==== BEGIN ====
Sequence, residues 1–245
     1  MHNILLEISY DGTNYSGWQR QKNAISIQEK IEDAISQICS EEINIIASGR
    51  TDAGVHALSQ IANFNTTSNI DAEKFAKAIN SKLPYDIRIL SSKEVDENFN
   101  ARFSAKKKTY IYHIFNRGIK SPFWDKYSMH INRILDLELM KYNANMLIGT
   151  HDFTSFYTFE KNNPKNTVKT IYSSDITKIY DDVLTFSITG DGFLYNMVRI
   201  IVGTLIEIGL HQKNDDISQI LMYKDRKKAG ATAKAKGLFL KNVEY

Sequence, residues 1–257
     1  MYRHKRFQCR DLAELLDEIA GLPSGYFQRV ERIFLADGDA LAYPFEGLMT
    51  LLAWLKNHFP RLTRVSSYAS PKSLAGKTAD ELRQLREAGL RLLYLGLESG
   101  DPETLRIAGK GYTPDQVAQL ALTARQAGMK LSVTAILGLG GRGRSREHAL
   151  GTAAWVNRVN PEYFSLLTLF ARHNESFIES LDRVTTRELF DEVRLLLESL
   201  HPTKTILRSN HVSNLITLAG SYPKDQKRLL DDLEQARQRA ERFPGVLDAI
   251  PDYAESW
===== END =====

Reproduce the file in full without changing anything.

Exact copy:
Sequence, residues 1–245
     1  MHNILLEISY DGTNYSGWQR QKNAISIQEK IEDAISQICS EEINIIASGR
    51  TDAGVHALSQ IANFNTTSNI DAEKFAKAIN SKLPYDIRIL SSKEVDENFN
   101  ARFSAKKKTY IYHIFNRGIK SPFWDKYSMH INRILDLELM KYNANMLIGT
   151  HDFTSFYTFE KNNPKNTVKT IYSSDITKIY DDVLTFSITG DGFLYNMVRI
   201  IVGTLIEIGL HQKNDDISQI LMYKDRKKAG ATAKAKGLFL KNVEY

Sequence, residues 1–257
     1  MYRHKRFQCR DLAELLDEIA GLPSGYFQRV ERIFLADGDA LAYPFEGLMT
    51  LLAWLKNHFP RLTRVSSYAS PKSLAGKTAD ELRQLREAGL RLLYLGLESG
   101  DPETLRIAGK GYTPDQVAQL ALTARQAGMK LSVTAILGLG GRGRSREHAL
   151  GTAAWVNRVN PEYFSLLTLF ARHNESFIES LDRVTTRELF DEVRLLLESL
   201  HPTKTILRSN HVSNLITLAG SYPKDQKRLL DDLEQARQRA ERFPGVLDAI
   251  PDYAESW